About ten years later I finally got my own BEE degree, but I never again got to work with avalanche photo diodes, although I did get to work with plenty of other photo detectors... and lasers... and other spiffy electro-optical devices. Moral of this story? Probably none, but I would be very careful working with your avalanche photo diode. Without adequate current limiting, it is very easy to damage the device while it is under reverse bias by exposing it to ambient light. Star light is probably okay (except for our Sun), but I would be careful with a full moon in a clear sky. A pin-hole aperture with light reflecting off a spinning wire might be a good way to excite it with a very fast and narrow pulse of light. I would also consider using pulsed-DC reverse bias synchronized to the spinning wire for sensor excitation.
     
  6. CommanderLake

    CommanderLake

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    I was hoping you might post Howard, my aspergers may affect communication but I have a vast imagination that allows me to visualise things like few people can.
    Avalanche diodes are intriguing but they dont quite excite me the way a photon excites them knowing how much money I could so easily loose in experimenting with them.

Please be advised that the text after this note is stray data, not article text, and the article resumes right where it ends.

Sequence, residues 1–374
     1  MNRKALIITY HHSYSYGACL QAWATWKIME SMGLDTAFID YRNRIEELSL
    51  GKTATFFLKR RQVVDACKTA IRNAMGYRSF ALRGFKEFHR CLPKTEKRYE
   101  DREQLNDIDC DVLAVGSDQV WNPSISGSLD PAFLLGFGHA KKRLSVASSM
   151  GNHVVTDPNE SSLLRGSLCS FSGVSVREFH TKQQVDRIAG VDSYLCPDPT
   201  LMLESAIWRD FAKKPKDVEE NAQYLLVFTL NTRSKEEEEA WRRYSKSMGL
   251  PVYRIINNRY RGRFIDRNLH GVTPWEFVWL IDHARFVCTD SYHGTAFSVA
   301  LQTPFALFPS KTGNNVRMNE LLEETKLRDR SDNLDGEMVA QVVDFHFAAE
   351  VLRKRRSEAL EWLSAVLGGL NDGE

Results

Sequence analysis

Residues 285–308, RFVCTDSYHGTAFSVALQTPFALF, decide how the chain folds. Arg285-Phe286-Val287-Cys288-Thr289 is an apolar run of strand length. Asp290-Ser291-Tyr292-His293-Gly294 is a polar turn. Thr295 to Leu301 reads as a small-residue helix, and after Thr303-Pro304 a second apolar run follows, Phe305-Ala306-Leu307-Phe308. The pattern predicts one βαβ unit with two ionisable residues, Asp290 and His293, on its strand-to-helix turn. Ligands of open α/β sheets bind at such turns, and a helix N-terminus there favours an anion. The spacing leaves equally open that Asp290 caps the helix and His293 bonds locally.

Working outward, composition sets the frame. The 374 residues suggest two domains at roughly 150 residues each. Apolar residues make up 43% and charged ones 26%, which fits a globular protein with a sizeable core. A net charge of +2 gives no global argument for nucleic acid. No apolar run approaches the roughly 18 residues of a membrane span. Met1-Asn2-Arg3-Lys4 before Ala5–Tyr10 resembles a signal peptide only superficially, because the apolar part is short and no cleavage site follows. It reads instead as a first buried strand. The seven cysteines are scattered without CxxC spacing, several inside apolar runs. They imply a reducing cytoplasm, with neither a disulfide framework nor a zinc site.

7. hevans1944

    hevans1944 Hop - AC8NS

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    Hi! I am aware of your fertile imagination as well as your Asperger's autism. One of my grandchildren "suffers" the same thing and we think perhaps one of his younger sisters does too. In both siblings it is "mild" and they both have "discovered" or invented other ways to communicate. It's a fascinatingly different way to view the world. Of course, considering quantum entanglement, just about any view of the world is valid now. But let's not go there in THIS thread.

    Avalanche conduction, or impact ionization as it is often called, is a common phenomenon. It is the cause of lightning strokes and other electrical arcs occurring in gaseous media such as our atmosphere. It is also a common, although usually destructive, mechanism of a reverse-biased semiconductor junction above a certain threshold voltage. It is NOT related to the Zener effect, which is also a phenomenon related to reverse-biased semiconductor junctions.

    Avalanche conduction occurs when an electrical field accelerates a charged particle, thereby adding kinetic energy to that particle. If the accelerated charged particle impacts (or comes reasonably close to) another particle it can transfer (by impact) part of the acquired kinetic energy to that particle, sometimes ionizing the impacted particle as well as other nearby particles. These newly ionized particles are then also accelerated by the electrical field and gain enough energy to repeat the process, resulting in multiplication of the charge carriers. The result is a runaway avalanche of conduction. How long this takes depends on, among other things, the mobility of the charge carriers in the electrical field, but it is usually very fast... nanoseconds rather than microseconds. In some devices the switching time is picoseconds.